The Emulation is always running. Listen it's Windows RT with an x86 Emulator. I don't get what's so difficult for you to understand? Not to mention it's so damn slow with x86 (unusable for x64) that only an idiot will buy one.
It's like the $1,000 (reduced to $750) Google Pixelbook but worse in every respect with hardly any good Apps. Not to mention at least Google was smart enough to use an i5 and i7.
-You might want to re-read your own graph. It clearly states that Windows, Edge and shell run under "Native Process".
-"64-bit x86 applications don't work" — You can do all your essential stuffs on 32-bit x86 applications, sometimes, even better. 99.98% of Windows software are available in 32-bit.
-"Shell extensions, input method editors, assistive technologies don’t work" — who's gonna do those things on a tablet PC?
-"Cloud storage apps don’t work" — You can still use OneDrive, or use internet browser for cloud storage.
-"No x86 drivers are supported" — that's gonna be a problem for older printers indeed. Apart from that, all components run native on ARM.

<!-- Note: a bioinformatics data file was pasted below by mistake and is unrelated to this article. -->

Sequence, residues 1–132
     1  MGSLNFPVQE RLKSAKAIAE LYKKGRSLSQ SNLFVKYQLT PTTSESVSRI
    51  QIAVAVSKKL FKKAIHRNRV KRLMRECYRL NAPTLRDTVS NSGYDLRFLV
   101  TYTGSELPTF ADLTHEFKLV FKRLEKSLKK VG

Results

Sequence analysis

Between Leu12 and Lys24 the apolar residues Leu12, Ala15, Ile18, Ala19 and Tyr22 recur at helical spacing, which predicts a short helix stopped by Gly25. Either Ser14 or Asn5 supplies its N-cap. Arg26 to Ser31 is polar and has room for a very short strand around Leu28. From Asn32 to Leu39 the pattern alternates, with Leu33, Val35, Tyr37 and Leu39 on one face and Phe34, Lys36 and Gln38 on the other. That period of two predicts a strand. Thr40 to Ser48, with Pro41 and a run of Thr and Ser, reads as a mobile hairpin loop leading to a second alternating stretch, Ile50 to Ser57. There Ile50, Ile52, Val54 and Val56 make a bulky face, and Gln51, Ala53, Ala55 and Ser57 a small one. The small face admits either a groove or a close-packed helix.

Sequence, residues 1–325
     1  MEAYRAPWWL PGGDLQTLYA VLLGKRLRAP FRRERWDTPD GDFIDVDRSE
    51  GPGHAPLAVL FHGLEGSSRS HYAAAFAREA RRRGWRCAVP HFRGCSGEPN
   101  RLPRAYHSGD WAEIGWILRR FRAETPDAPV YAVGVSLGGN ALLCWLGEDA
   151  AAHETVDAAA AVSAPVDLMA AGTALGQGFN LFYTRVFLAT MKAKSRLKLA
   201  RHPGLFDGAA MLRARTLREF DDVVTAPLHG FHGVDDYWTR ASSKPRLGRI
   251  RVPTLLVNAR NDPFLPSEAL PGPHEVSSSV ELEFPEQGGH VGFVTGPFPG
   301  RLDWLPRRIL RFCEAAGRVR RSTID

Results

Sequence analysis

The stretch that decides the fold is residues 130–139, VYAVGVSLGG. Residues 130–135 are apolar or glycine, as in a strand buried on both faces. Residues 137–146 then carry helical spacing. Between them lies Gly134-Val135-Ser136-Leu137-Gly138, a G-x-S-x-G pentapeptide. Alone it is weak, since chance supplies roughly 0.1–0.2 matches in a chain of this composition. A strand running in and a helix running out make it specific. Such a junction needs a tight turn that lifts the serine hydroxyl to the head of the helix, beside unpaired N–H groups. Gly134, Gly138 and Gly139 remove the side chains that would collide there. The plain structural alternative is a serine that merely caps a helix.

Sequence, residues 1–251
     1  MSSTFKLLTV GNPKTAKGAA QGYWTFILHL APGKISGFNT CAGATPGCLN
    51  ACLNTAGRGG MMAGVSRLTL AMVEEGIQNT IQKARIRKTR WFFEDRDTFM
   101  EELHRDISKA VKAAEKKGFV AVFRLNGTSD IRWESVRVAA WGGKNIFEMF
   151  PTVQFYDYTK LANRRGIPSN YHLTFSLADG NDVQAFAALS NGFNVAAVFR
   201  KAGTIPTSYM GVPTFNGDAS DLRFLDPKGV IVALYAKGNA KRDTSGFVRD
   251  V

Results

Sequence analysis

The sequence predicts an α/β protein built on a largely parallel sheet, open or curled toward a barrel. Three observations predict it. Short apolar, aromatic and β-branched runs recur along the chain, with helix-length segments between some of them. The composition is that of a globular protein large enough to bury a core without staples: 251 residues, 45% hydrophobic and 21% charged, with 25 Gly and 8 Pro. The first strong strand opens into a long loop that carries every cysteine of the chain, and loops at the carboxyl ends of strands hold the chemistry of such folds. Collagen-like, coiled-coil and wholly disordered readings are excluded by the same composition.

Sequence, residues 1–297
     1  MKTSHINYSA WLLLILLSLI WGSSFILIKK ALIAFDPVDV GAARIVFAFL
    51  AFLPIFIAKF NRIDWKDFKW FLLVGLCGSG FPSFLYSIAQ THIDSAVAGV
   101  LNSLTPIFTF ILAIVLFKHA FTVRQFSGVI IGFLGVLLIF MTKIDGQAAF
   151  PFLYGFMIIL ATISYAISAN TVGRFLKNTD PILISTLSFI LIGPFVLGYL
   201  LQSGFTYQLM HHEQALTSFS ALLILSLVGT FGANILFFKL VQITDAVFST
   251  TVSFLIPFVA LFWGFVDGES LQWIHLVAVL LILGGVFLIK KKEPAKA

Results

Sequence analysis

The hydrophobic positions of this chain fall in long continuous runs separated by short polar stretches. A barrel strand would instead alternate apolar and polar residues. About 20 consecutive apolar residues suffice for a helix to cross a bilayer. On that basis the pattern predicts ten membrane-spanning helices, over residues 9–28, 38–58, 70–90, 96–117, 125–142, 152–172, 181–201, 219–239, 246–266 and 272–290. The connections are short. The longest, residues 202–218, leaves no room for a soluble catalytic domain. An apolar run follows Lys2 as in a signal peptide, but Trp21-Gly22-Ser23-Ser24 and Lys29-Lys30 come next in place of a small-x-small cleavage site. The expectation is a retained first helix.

-"Hyper-V, Microsoft’s own virtualization system, is not supported" — again, who's gonna use a virtual machine on a tablet PC? Do you know that Hyper-V is also not supported on x86_64 Windows 10 Home? And you can actually install Ubuntu Linux on Windows 10 on ARM from the MS Store.
-"Vulkan and OpenGL are not supported. Pre-DX9 APIs are not supported" — they clearly said that this PC is not meant for graphic intensive applications.
-All of those limitations are already made known by the developer to potential buyers.
-Windows 10 on ARM is *not* an emualtion.
Rahim Rabbani Sharizam
Sorry buddy but are you dense? Of course the Windows ARM IS is running an Emulator .. the version that didn't was the failed Windows RT.
Here's a Emulation Graph for dummies, you might want to check it out https://www.extremetech.com/wp-content/uploads/2018/02/x86-Slide.png
Umm no I don't run Apple's nor MacOS. However, this is the exact same situation that Apple ran across when they switched processors back in the 90's.
Here's a small list of other limitations of the Windows ARM Emulation:
64-bit x86 applications don’t work. Thurrot doesn’t specify if 64-bit ARM applications work, but seems to imply they don’t.
Shell extensions, input method editors, assistive technologies, and cloud storage apps don’t work. All of these must be recompiled for ARM and may not be available until next year.
No x86 drivers are supported. All drivers must be rewritten to run on ARM hardware.
Hyper-V, Microsoft’s own virtualization system, is not supported.
Limited graphics API compatibility. Windows 10 on ARM supports DirectX 9, 10, 11, and 12. Vulkan and OpenGL are not supported. Pre-DX9 APIs are not supported.